The most exciting thing for me during the journey to Mexico, even more thrilling than dancing the bachata and riding horses Western-style, is visiting Chichén Itzá. It is a very atmospheric and beautiful place so, when Molly goes there to see the sun rise with two friends, I wanted to express how breathtaking it is there.

In short, I’d love us all to fly off on a plane to Spain and Mexico right now if it was safe, but it isn’t. So, it seemed to me, that the best way to travel is vicariously, through the pages of a book, and to enjoy good times with Molly and Nell. Molly’s attempts to chase the sun take her to two wonderful sun-soaked locations. The beaches, the food, the people and the culture of both Spain and Mexico are charming and fascinating. I hope you’ll enjoy travelling there between the pages and that, for you too, the summer will be one of sunshine, laughter and fun, whatever the coming months bring.

My next novel, Chasing the Sun

Originally given the working title The Hokey Cokey Woman, I set out to write a story about Molly, a seventy-year-old widow who leaps into situations with complete abandon, later realising that what she’s chosen isn’t for her and she should have considered all options and thought more wisely. But part of Molly’s charm is that she’s spontaneous; she is caring, full of positivity, enthusiasm and she has natural joie de vivre. In the novel, she finds herself in several situations that are the result of her impetuosity, because she acts before she has thought out the consequences. Although her spontaneity might be endearing, and she has boundless energy and enthusiasm, her life isn’t perfect: she’s always seeking something new, chasing something elusive, but she doesn’t always know what it is.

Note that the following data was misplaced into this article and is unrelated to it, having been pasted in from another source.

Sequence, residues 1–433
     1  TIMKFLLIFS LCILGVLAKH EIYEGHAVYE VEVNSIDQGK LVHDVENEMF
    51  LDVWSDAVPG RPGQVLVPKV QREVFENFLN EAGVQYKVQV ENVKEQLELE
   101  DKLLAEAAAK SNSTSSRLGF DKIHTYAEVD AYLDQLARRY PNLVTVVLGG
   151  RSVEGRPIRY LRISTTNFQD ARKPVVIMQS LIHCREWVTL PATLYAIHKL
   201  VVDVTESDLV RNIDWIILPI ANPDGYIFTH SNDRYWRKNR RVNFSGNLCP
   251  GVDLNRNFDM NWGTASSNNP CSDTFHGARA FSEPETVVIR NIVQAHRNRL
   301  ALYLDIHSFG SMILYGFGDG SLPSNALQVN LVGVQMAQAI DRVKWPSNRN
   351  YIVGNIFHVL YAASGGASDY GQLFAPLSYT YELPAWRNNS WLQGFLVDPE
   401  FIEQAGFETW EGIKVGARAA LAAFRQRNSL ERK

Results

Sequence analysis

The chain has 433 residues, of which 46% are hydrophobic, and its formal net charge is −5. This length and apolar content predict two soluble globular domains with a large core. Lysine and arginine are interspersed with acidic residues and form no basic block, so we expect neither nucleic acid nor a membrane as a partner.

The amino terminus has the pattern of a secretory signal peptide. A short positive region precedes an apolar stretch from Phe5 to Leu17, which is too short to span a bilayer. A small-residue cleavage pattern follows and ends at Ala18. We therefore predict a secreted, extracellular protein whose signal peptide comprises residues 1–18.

Nell, her half-sister, is a few years younger, wiser and more sensible. But when her own seemingly-solid marriage is in crisis, she appears on Molly’s doorstep, her world suddenly shaken.The husband who had become part of the fabric of her life wants something else and Nell is shocked that the comfortable existence she knew is in the past.

Molly’s reaction is to leap straight into a new adventure, to change the scenery in order to prevent Nell from further heartache, so she drags her off to Spain for a holiday. They have a wonderful time, although Molly’s impetuosity leads her into a few more scrapes, but they both make new friends and initially life appears idyllic. However, after a while, Molly has itchy feet and she yearns to move on and to discover more.